Limitations and strengths

There are a few limitations worth mentioning. Like other self-report measures, our measures of dietary intake and behavioral change were subject to social desirability. The use of dietary assessments like the inclusion of biomarkers to verify self-reported dietary intake would be preferred [48]. Similarly, as we have noted previously, possible demand characteristics, such as wanting to show the positive effects of a promotora-delivered intervention, may explain the positive changes observed among those in the intervention group compared with the control group. We minimized bias by involving trained and blinded evaluation staff, who were separate physically and administratively from the promotoras, to collect the data [20]. Another limitation is the involvement of a convenience and homogenous sample limiting the generalizability of the results. Furthermore, there were a number of children’s dietary outcomes that were not influenced by the intervention which may be due to the fact that the primary target was mother’s dietary intake or the dietary changes observed in the children were spurious. In addition, children in this sample reported consuming almost two cups of fruits per day which is consistent with dietary guidelines, introducing the possibility of a ceiling effect. Despite these limitations, the study has several strengths. The children who participated in the study reported their dietary intake, thereby limiting social desirability by the parent. Another strength is that the intervention influenced dietary intake 6 months following the completion of intervention activities, adding to the limited number of studies that examine the longer-term effects of dietary interventions. Also, the study included a rural community that is at high risk for obesity [49]. Furthermore, the current study adds to the limited research in understanding the mechanisms of change that may occur in family based interventions targeting children’s eating practices.

Conclusions

In conclusion, the current study used an innovative approach to target parent level factors associated with children’s dietary intake. The intervention did impact one of the biggest contributors of obesity among youth, the intake of SSB [50]. Engaging children and their parents in interventions has the potential to change long-term habits associated with the risk for obesity, an important consideration given the high rates of obesity among Latino youth [51]. The current study adds to the limited number of family-based interventions targeting youth.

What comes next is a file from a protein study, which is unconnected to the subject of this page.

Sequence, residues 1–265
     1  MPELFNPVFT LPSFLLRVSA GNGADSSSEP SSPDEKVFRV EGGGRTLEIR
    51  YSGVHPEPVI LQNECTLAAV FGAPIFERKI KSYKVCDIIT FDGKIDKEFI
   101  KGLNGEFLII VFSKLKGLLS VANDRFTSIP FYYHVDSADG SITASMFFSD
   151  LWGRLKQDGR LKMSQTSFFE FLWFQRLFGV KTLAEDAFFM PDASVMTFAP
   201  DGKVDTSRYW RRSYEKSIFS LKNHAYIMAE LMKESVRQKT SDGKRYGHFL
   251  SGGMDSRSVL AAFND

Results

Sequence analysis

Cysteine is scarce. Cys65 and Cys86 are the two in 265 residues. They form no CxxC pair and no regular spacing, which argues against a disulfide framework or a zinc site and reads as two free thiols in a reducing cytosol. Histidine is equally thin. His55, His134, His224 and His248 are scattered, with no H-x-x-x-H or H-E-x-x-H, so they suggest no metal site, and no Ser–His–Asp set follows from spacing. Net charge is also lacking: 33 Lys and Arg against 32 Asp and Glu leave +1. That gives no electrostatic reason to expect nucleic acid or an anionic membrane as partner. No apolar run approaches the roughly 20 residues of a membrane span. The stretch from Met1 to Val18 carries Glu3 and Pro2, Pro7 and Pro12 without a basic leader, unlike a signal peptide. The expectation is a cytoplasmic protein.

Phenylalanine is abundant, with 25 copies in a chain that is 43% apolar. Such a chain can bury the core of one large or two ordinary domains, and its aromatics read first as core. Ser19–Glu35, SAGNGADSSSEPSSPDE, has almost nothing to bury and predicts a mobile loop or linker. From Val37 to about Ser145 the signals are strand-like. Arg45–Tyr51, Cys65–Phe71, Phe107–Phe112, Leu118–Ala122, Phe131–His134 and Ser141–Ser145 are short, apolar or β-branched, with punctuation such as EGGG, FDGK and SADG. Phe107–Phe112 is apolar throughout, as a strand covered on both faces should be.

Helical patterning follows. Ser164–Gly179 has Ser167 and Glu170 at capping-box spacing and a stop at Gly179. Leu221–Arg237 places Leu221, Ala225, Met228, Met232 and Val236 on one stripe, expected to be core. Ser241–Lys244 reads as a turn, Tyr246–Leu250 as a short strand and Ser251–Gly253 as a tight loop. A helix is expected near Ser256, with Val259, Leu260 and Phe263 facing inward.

Declarations

Availability of data and material

The datasets used and/or analysed during the current study are available from the corresponding author on reasonable request.

Funding

This research was supported by a grant to Dr. Ayala from the American Cancer Society (RSGPB 113653). The research presented in this paper is that of the authors and does not reflect the official policy of the American Cancer Society. Clinical trials registration number: NCT02441049.

Authors’ contributions

EA led the writing of all sections of the manuscript. GA provided essential review oversight as the Principal Investigator of this study. SS contributed to the development of sections of the manuscript. DS completed all analyses. LH provided essential review as one of the project managers of the study. HP reviewed all analyses for accuracy and completion. NC provided essential review as one of the project managers of the study. LI provided essential information and review as the main partner in this study (CDSDP). ME and JE assisted in the conceptualization of the study and editing of the manuscript. All authors read and approved the final manuscript.

Ethics approval and consent to participate

Study procedures were approved by San Diego State University’s Institutional Review Board (#288031). Free and informed consent of study participants was obtained.

Consent for publication

Not applicable.

Competing interests

The authors declare that they have no competing interests.

Publisher’s Note

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Open AccessThis article is distributed under the terms of the Creative Commons Attribution 4.0 International License (http://creativecommons.org/licenses/by/4.0/), which permits unrestricted use, distribution, and reproduction in any medium, provided you give appropriate credit to the original author(s) and the source, provide a link to the Creative Commons license, and indicate if changes were made. The Creative Commons Public Domain Dedication waiver (http://creativecommons.org/publicdomain/zero/1.0/) applies to the data made available in this article, unless otherwise stated.

Authors’ Affiliations

(1)
Institute for Behavioral and Community Health, School of Public Health, San Diego State University, 9245 Sky Park Ct., Suite 221, San Diego, CA 92123, USA
(2)
School of Nursing, University of North Carolina, Carrington Hall, Campus Box #7460, Chapel Hill, NC 97599, USA
(3)
Institute for Behavioral and Community Health, 9245 Sky Park Ct, Suite 221, San Diego, CA 92123, USA
(4)
School of Public Health, San Diego State University, 5500 Campanile Drive, San Diego, CA 92182, USA
(5)
Clínicas de Salud del Pueblo, Inc., 1166 K Street, Brawley, CA 92227, USA
(6)
Research Works, 12396 World Trade Dr #313, San Diego, CA 92128, USA

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Copyright

© The Author(s). 2018